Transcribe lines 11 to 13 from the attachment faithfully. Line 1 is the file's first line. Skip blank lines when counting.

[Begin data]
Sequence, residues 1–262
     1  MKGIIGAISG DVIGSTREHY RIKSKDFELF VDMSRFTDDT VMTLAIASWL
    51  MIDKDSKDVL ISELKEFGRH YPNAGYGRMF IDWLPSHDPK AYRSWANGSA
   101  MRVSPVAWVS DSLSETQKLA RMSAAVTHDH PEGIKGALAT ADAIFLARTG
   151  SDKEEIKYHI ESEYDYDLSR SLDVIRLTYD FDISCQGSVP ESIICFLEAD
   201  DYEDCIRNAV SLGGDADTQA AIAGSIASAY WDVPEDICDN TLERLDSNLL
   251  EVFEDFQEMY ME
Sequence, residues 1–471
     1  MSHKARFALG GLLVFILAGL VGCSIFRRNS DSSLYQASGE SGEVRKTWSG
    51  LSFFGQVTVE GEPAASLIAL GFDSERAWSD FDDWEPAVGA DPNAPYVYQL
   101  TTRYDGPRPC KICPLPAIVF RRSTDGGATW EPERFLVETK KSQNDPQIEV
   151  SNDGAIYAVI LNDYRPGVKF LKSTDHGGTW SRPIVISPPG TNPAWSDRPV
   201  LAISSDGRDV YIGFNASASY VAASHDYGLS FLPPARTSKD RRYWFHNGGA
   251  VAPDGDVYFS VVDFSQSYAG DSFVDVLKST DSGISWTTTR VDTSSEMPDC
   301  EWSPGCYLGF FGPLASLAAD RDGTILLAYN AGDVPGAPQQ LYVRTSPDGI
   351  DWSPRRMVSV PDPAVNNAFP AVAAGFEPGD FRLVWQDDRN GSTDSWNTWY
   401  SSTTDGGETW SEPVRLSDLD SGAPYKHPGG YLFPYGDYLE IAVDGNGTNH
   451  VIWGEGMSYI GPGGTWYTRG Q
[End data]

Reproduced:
   101  TTRYDGPRPC KICPLPAIVF RRSTDGGATW EPERFLVETK KSQNDPQIEV
   151  SNDGAIYAVI LNDYRPGVKF LKSTDHGGTW SRPIVISPPG TNPAWSDRPV
   201  LAISSDGRDV YIGFNASASY VAASHDYGLS FLPPARTSKD RRYWFHNGGA